During 2012, this story repeated, except Japan provoked itself. In April, the nationalist governor of Tokyo, Ishihara Shintaro, announced his intentions to purchase three of the Senkaku Islands from their private owners. This was clearly a push to align the national government’s policy closer to their hardline rhetoric; Ishihara planned to build on the islands, treating the islands as indisputably Japanese as the government claimed they were.

The reaction of the Japanese government was quick – the three islands to be purchased were nationalized in September. By forestalling Ishihara, however, and defending the traditional policy of non-provocation, the administration of then-Prime Minister Yoshihiko Noda acted exactly as Ishihara wanted. By nationalizing the three islands, Japanese government changed policy to fit its tough official line, and that shift, intentional or otherwise, was more than enough to spark off a major incident. 

Same Table, Different Players

While a discussion of China’s policy  towards the islands frequently mentions public opinion and attitudes, this element rarely crops up in Japan. Tet, having just elected a new government, it seems clear that Japanese society, while still engaged mainly with domestic economic issues, has chosen for itself a leadership that prefers rhetorical hardness and real-world delicacy.

Abe Shinzo, now serving his second term as prime minister, was once a notorious Japanese nationalist. Among other things, he has advocated amending Japan’s constitution and giving the Self-Defense Forces (JSDF) official armed forces status. Even if many Japanese don’t share Abe’s more hardline views, there remains a general perception that peace and pacifism has somehow eroded Japanese society. A common term for this is heiwa-boke, literally "peace-induced idiocy." Heiwa-boke, they claim, has resulted in Japan’s lack of political weight and influence in its own neighborhood, despite its volume of trade and the number of people worldwide who watch anime. Abe’s revivalist stance, while understandable to a Japan that is stagnant and underrepresented on the world stage, also sparks understandable alarm in China, where Japanese "revival" is irrevocably associated with militarism.

But Abe’s political positions also give him a Nixonian quality in dealing with foreign affairs. His first overseas visit as prime minister was to China, which went a long way towards easing the tensions caused by his predecessor, Koizumi Junichiro. If no one but Nixon could have restarted the United States’ relationship with China, perhaps only a bona fide nationalist like Abe could risk extending an olive branch as well.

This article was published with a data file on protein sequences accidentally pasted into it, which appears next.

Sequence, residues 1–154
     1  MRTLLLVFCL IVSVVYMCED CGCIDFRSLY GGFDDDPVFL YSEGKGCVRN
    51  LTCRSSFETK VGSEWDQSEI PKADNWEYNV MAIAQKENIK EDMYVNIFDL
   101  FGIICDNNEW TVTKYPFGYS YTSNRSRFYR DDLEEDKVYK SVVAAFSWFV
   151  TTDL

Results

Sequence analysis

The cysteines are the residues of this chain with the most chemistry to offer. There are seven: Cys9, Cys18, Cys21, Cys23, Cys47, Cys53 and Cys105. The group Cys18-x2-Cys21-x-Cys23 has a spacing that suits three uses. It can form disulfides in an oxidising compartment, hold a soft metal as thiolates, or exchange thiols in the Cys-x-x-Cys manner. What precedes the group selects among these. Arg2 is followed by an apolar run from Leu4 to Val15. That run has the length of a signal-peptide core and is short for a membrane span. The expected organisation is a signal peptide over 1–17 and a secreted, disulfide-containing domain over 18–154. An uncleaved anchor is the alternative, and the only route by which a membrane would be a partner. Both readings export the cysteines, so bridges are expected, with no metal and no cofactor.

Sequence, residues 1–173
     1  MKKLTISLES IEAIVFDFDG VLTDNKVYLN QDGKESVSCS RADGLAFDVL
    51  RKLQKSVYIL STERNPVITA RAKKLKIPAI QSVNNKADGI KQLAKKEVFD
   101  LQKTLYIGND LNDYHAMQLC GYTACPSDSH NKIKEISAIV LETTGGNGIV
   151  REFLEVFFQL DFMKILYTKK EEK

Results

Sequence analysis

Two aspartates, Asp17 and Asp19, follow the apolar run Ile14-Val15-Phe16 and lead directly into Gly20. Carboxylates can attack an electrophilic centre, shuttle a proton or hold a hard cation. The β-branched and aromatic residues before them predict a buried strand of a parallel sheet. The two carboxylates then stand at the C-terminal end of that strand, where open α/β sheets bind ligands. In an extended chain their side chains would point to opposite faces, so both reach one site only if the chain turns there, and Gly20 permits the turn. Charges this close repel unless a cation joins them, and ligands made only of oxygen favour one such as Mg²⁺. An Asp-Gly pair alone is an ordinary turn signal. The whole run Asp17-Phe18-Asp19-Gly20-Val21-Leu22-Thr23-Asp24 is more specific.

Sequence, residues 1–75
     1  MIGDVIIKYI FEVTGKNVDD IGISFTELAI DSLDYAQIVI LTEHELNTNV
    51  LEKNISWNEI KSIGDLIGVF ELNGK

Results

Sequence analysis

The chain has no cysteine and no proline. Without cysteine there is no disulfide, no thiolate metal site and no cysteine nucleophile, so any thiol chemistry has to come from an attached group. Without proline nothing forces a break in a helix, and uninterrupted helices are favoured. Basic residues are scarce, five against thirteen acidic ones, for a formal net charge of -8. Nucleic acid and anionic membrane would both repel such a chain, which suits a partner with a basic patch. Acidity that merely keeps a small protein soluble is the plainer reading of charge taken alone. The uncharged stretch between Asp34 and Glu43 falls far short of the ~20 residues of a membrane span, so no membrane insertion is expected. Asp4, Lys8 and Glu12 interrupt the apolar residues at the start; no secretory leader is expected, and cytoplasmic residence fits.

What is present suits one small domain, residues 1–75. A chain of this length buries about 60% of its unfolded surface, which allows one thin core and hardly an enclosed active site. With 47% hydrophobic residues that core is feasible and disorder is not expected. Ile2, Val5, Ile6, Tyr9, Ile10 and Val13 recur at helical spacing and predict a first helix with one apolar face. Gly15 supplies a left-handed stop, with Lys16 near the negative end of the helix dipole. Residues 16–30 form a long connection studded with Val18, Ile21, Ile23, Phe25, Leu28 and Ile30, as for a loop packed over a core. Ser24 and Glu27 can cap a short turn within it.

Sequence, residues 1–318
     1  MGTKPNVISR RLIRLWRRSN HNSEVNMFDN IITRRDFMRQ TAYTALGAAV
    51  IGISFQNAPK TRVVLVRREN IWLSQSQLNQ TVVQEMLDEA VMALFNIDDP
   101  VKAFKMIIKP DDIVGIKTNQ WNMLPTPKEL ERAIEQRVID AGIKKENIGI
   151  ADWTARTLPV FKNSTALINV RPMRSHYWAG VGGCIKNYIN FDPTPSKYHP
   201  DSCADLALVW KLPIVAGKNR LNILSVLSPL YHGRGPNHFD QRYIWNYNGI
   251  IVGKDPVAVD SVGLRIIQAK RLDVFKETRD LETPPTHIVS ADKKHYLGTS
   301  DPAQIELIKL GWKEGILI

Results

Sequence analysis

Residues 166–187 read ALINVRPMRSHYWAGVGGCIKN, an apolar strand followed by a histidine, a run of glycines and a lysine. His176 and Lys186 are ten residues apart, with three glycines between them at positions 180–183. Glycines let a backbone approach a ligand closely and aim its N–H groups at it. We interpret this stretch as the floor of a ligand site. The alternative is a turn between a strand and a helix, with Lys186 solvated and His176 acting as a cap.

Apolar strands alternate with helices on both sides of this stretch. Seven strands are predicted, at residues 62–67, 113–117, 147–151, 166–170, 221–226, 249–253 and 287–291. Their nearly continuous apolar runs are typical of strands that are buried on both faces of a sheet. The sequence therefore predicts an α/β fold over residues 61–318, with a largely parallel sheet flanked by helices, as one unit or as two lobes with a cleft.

The Sliding Scale

Hopes aside, tensions remain high, and the Senkaku dispute appears to have colored other, more general matters as well. Japanese defense expenditure has grown rapidly and naval patrols of the islands continue, as do expeditions by Chinese fishing and patrol craft to sail to and around the islands. This tension has, inevitably, closed some of the distance between Japan’s avowed position and actions.

And yet the distance, and the dilemma that underlies it, remains unresolved. If Chinese patrol boats had appeared in the waters of Kyushu, or in Tokyo Bay, without permission, there would be little argument about who is in the right. So it is with the Senkaku Islands; however, even with Japan’s formidable self-defense forces and American military assistance, the prospect of a war with China is too awful to contemplate. To paraphrase Bismarck, eight rocks in the East China Sea are not worth a single Japanese or Chinese naval craft and the damage that would result.

For all its recognition of “peace-induced idiocy,” it seems that Japan, not unlike China, is also quite content to let its policy drift, oblivious to the risk of conflict – perhaps even more so. A prominent Japanese journalist, when asked about the Japanese reaction to China's September 2012 riots, which caused extensive damage to Japanese shops and factories, gave a surprising answer. There was, of course, some anger, but the consensus appears to have been that the rioting was a good thing. It had "showed the world what the Chinese were really like." The Japanese may therefore feel vindicated in that thinking by recent Chinese behavior.

When both sides are only one accident away from a firefight, however there are many more constructive uses of time – attempting, for example, to clarify procedures for future incidents, or to create a framework for mutual cooperation that would take the heat off the Senkaku Islands issue – than simply sitting back to make a point about purported Chinese barbarism. 

Read Trouble at the Pinnacles – Part 1, China

The views expressed in this article are the author's own and do not necessarily reflect Fair Observer’s editorial policy.